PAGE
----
rebecca imes photo

Dr. Rebecca Imes

Associate Professor of Communication 262.951.3011 rimes@carrollu.edu Betty Lou Tikalsky House

TEACHES IN THE FOLLOWING PROGRAM(S)

Communication Department of Communication and Sociology

Education

  • University of Iowa, Communication Studies, Ph.D., July 2005
  • Emerson College/Tufts University School of Medicine, Joint Program in Health Communication, M.A., May 1999
  • Nebraska Wesleyan University, Communication, B.A., May 1997

Areas of Specialization

Relational Communication, Health Communication

Scholarly and Professional Achievements

Publications


Bylund, C.L., Baxter, L.A., Wolf, B, Imes, R.S. (2010). Parental Rule Socialization for Preventive Health and Adolescent Rule Compliance.  Family Relations.

Bylund, C.L., Gueguen, J.A., D'Agostino, T.A., Imes, R.S., & Sonet, E. (2009).  Cancer patients' decisions about discussing internet information with their doctors.  Psycho-oncology.

Baxter, L.A., Bylund, C.L., Imes, R.S., Routsong, T.  (2009)   Parent-child perceptions of parental behavioral control through rule-setting for risky health choices during adolescence.  Journal of Family Communication.

Imes, R.S., Bylund, C.L., Routsong, T.S., Sabee, C.M., & Aldridge, A.N. (2008). Why patients refrain from talking to their health care providers about information they find on the Internet.  Health Communication.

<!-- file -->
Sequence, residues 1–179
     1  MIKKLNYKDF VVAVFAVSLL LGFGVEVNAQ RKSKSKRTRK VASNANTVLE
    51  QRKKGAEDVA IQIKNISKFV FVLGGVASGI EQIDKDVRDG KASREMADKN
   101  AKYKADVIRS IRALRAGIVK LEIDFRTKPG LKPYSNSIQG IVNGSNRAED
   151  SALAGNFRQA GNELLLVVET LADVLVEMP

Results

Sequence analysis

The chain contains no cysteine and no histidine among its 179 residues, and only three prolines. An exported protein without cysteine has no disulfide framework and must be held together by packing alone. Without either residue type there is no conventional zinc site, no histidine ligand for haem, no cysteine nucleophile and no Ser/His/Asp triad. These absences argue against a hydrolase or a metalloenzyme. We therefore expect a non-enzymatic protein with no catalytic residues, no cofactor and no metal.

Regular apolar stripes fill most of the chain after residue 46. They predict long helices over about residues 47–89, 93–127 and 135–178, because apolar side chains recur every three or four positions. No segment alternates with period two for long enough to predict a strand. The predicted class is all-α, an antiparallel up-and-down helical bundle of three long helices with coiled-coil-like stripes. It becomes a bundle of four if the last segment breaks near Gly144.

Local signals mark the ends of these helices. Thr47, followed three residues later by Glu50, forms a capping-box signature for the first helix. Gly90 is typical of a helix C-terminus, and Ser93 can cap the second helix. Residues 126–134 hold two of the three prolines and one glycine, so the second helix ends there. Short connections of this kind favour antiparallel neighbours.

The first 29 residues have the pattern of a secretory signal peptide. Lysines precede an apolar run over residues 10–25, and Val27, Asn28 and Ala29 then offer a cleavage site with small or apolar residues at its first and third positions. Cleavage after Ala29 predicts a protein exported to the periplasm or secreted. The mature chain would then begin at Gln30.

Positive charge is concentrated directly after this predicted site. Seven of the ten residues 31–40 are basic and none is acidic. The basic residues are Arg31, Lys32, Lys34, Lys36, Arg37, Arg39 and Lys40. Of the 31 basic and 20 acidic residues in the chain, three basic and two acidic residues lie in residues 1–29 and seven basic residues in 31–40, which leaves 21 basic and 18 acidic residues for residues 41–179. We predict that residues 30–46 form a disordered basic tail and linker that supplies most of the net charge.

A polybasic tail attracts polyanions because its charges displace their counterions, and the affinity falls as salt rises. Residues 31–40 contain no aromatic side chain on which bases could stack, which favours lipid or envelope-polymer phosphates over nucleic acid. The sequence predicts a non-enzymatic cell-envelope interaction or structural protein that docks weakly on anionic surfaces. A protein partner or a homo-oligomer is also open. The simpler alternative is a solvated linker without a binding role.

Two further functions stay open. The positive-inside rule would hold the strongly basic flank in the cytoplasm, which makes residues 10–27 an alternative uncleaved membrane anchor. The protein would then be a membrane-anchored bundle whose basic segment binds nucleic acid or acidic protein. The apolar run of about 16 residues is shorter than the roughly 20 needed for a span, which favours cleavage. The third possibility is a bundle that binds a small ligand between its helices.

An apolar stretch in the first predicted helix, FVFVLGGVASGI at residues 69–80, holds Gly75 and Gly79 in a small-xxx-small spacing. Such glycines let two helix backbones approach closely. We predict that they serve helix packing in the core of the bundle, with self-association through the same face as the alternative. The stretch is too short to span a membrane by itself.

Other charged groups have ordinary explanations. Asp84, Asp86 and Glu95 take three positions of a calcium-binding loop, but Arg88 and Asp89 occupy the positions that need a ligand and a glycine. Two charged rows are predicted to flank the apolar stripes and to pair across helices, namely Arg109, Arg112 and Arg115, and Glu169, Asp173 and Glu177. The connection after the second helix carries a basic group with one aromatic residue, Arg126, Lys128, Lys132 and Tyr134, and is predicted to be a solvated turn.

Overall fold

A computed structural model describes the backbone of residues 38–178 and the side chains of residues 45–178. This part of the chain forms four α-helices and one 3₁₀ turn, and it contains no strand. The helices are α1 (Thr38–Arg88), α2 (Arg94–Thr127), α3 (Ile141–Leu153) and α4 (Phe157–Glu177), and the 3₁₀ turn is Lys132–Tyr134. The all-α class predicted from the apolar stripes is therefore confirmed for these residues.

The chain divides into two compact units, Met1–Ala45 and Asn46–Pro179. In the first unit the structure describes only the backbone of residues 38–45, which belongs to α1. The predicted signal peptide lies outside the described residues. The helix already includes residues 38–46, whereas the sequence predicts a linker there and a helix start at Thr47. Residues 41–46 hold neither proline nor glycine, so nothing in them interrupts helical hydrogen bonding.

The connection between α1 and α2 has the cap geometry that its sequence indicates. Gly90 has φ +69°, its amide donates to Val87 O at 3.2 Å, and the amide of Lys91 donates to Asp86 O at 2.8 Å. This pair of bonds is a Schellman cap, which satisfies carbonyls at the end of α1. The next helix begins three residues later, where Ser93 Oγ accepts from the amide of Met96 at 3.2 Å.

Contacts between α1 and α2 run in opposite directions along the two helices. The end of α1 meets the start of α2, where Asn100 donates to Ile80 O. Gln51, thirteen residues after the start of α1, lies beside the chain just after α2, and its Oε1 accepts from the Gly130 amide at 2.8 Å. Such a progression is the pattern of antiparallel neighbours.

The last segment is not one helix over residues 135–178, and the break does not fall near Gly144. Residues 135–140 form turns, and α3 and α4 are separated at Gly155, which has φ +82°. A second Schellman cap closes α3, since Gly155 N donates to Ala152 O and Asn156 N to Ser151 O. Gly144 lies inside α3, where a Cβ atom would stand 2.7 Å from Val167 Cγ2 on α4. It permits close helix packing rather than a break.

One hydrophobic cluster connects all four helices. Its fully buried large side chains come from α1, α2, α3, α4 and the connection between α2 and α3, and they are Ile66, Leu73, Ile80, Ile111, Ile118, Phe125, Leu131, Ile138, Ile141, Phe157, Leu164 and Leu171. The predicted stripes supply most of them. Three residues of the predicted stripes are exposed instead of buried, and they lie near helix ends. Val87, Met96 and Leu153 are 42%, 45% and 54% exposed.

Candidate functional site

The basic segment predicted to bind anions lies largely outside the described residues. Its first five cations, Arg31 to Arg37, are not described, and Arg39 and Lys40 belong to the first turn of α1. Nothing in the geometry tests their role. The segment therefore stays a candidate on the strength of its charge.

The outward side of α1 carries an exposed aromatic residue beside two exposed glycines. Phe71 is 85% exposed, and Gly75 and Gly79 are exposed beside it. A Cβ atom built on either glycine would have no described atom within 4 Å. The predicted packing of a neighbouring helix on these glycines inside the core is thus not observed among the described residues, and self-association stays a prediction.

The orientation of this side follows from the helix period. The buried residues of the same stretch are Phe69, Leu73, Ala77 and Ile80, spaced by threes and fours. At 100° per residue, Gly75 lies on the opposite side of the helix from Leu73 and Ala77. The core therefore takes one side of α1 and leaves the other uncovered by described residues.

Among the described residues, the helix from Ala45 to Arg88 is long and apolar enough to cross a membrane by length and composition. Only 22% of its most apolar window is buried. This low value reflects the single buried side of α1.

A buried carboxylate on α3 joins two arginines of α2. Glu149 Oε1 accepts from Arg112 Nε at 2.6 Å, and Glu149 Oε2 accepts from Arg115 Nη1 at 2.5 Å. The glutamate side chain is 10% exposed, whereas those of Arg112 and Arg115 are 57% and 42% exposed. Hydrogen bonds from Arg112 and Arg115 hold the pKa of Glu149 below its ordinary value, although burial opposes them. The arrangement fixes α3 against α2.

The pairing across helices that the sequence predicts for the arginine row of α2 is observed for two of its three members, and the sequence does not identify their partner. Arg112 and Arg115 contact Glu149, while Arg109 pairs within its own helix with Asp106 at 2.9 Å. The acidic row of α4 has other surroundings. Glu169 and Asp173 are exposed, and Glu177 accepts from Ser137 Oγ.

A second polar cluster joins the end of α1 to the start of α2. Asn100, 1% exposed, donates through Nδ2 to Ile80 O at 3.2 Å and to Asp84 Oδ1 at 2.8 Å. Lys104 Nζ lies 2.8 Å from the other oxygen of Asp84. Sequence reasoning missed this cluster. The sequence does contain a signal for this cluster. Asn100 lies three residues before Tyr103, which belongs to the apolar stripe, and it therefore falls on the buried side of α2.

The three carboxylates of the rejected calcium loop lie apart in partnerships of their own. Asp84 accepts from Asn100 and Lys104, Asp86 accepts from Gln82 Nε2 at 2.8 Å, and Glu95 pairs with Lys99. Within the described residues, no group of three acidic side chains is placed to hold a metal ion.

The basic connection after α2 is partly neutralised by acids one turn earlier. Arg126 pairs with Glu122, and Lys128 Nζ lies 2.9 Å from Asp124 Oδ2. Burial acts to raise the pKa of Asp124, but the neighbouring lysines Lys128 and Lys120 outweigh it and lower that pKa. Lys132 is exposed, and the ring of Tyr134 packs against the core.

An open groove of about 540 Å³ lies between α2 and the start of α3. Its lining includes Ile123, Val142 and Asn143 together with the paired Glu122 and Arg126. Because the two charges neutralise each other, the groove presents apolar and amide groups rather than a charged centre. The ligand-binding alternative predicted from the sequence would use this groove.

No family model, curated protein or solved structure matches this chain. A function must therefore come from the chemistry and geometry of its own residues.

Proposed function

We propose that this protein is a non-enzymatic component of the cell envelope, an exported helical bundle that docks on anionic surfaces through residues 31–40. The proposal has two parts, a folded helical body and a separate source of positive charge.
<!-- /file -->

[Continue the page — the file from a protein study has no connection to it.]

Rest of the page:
Sabee, C.M., Bylund, C.L., Imes, R.S., Aldridge, A., & Rice, I.S. (2007). Why did you say that? An investigation into the attributions made for health care providers' reactions to Internet health research. Southern Communication Journal.

Bylund, C.L, Sabee, C.B., Imes, R.S., Li, Y. (2007) Provider-patient dialogue about internet     health information:  An exploration of strategies to improve the provider-patient relationship.  Patient Education and Counseling.

Bylund, C.L., Sabee, C.B., Imes, R.S., Aldridge, A.N. (2007) Exploration of the construct of reliance among patients who talk with their providers about internet information.  Journal of Health Communication.

Baxter, L.A., Bylund, C.L., Imes, R.S., & Scheive, D.M. (2005). Family communication environments and rule-based social control of adolescents' healthy lifestyle choices.  Journal of Family Communication.

Bylund, C.L., Imes, R.S., & Baxter, L.A. (2005). Parents' perceptual accuracy of their college student children's health and health risk behaviors.  Journal of American College Health.
 

Invited Book Chapter


Bylund, C.L., & Imes, R.S. (2005). Communication and medical decision making in context: Choosing between reasonable options. In E.B. Ray (Ed.) Health Communication in Practice:  Case Studies in Health Communication (pp. 69-80), 2nd edition, Hillsdale, NJ: Lawrence Erlbaum Associates.
 

Service to Carroll University and Profession

Institutional Service

  • Chair, Department of Communication and Sociology, Carroll Univ.
  • Chair, General Education and Cross-Cultural Education Committee, Carroll Univ.
  • Member, University Climate Committee, Carroll Univ.

Professional Service

  • Reviewer: Health Communication

Honors and Awards

Honors

  • Tenure and promotion to Associate Professor, 2012
  • Inductee to Phi Kappa Phi Honor Society, 2011